Old Things Are Always Worth More

Fall 2015, Uncategorized

by Nick Porcella

“Come’ere and take a look at these,” he’d say. “What do I got here?”

“Oh, more coins, Grampa Ted?” I’d respond.

“Huh? What?” He was slightly hard of hearing, mind you.

Coins. Coins, yes?”

“Yeah. Well, take a look through ‘em and take what you want.”

There would be a pile—of varying sizes each visit—that contained random coins. Most were simple denominations: pennies, nickels, dimes, and quarters. Occasionally, I would find something more intriguing or valuable, like a half-dollar, or a foreign or antique piece, which was always a thrill.

Grampa Ted would tell me not to take the whole pile because I should “save some for the other grandkids” as well. (My cousins and I were in the midst of teenagehood and therefore had to be imbued with the art of sharing.) He would ask me what the coins were, as if he hadn’t seen them before, even if the coin in question was a humble penny. I would oblige, of course, and tell him what it was if I knew. And because I visited so often, I would get the most from the piles. Not only that, I would get to cherry-pick the best of the bunch. I was a self-made coin collector because of Ted, though for him, the name of the game was learn quick or get called an asshole.

The ordinary ones coins I rolled in coin-wrappers and deposited at the local bank. The extraordinary ones, which were older (thus deemed “rarer”) than their lackluster counterparts, I kept. I also held onto the special coins that were unique in origin or age.

There was kind of a fourth category: the “what the heck is that?” category. Anything that wasn’t a coin went here, and no, there was absolutely nothing valuable in these piles. Bus tokens, car fuses, and tiny chunks of metal were common.

“Grampa, this isn’t a coin. It’s a washer.”

“Huh? Goddammit, do you want it or not?”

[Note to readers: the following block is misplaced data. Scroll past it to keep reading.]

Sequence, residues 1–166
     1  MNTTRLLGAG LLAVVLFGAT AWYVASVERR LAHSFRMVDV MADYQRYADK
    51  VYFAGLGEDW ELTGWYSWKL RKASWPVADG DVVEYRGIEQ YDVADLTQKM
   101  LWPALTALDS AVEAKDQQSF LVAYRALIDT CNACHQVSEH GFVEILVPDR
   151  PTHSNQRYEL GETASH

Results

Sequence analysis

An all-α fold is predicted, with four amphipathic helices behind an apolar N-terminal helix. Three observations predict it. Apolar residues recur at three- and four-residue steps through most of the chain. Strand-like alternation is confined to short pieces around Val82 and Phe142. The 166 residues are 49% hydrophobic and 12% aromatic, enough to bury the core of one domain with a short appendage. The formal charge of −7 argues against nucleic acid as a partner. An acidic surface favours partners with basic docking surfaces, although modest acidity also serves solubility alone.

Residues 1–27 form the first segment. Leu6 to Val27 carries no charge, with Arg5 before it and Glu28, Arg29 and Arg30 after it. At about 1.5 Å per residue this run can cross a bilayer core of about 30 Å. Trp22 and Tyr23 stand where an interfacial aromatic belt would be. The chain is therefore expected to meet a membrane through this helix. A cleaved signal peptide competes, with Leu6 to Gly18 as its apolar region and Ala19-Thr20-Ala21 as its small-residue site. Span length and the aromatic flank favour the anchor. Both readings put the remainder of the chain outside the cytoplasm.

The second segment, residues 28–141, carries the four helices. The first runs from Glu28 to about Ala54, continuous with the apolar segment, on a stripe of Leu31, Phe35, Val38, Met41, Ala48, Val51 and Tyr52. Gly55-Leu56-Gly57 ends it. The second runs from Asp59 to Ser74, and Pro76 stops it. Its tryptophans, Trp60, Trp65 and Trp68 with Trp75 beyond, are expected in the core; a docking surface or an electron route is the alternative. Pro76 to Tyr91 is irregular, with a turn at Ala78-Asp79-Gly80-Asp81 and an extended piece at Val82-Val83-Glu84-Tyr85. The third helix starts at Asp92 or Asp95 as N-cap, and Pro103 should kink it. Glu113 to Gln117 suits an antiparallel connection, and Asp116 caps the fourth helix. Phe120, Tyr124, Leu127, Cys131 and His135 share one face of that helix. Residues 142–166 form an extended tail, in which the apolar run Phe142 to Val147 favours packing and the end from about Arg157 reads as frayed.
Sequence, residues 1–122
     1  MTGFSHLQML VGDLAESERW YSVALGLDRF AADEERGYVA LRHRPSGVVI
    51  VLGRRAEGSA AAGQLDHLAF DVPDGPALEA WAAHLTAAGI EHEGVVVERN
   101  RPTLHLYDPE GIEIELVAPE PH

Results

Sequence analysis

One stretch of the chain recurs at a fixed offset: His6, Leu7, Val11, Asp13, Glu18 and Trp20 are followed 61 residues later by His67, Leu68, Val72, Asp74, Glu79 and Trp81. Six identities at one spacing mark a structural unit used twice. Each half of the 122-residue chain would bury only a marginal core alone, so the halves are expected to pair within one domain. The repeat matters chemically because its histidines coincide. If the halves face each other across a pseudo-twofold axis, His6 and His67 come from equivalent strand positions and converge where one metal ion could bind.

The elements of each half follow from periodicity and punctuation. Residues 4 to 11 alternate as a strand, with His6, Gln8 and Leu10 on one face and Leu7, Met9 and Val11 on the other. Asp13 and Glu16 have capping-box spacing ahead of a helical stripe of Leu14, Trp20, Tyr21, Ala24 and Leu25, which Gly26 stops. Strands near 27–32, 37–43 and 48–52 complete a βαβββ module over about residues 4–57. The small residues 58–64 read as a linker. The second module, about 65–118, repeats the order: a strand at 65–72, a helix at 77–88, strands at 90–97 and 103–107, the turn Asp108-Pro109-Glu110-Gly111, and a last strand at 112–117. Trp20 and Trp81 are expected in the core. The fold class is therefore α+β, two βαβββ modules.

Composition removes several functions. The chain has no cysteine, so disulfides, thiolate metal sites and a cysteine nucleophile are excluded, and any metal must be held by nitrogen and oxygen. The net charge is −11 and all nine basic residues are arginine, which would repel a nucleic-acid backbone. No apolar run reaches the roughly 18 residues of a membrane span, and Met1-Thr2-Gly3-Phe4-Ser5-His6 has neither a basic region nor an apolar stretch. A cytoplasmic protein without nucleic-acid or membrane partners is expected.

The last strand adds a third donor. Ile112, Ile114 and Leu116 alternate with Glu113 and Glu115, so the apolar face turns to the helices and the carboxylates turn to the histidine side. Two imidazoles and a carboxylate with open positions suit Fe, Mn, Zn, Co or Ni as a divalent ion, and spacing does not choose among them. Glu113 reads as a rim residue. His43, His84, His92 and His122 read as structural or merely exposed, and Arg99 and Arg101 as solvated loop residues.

I can remember one occasion when I was presented with a green, gallon-sized glass whiskey jug full of pennies. Frankly, the sentimental value it had to my grandfather, I was told, did not outweigh—although it seemed that the jar outweighed a neutron star—the fact that the container of pennies was just plain cumbersome. This jar contained nothing more than post-1980 pennies. They literally weren’t even worth their weight in copper since the government began using zinc and other fillers instead. And they really weren’t worth being put into coin rolls. After I had rolled them, I realized that I had earned fifteen bucks, which was like working for two hours at a minimum-wage job. It took an hour and a half to just sort them and roll them. I never told Gampa Ted that I deposited them. I can imagine his reaction.

“You did what?!”

Other occasions were more “profitable,” a word I didn’t like to use because it made it sound as though I only visited Grampa Ted for the coins. That was true for a while, I suppose. There were many visits where he would give me extremely special coins. Sometimes he’d give me pure silver. I would often get half-dollars, and I liked to hold onto the ones from before 1970.

One time, he gave me a coin from 1827, which I later had appraised. Turns out it was worth about $200. He was excited to hear that but disgruntled that someone would spend that much money on a coin.

One day he handed my dad a scrap of newspaper to bring home to me.

“Grampa thinks you should go to this,” my dad told me.

“Lemme see,” I said.

It was a newspaper clipping for a coin show in some town nearby. It mentioned sales, appraisals, and trading, as well as the opportunity to rent spaces.

My dad continued, “He also sent you this.”

He handed me a twenty-dollar bill.

It couldn’t be.

“Jesus, dad…” I paused. “I would love to go. Will you go, too?” I finally asked.

“Well, we’ll make a plan—maybe some weekend—to check it out. It’s about a forty minute drive from here.”

    It wasn’t more than a couple weekends and we were off to the show. I was really looking forward to it. Grampa Ted had never been to one of these, but he seemed to have an intuitive sense that I would enjoy it. I still could not get over the feeling of the twenty-dollar bill in my hands. I wanted to keep it forever, but he would certainly not have approved of that. If he was going to give me a small fortune, he would at least expect me to use it as he had intended.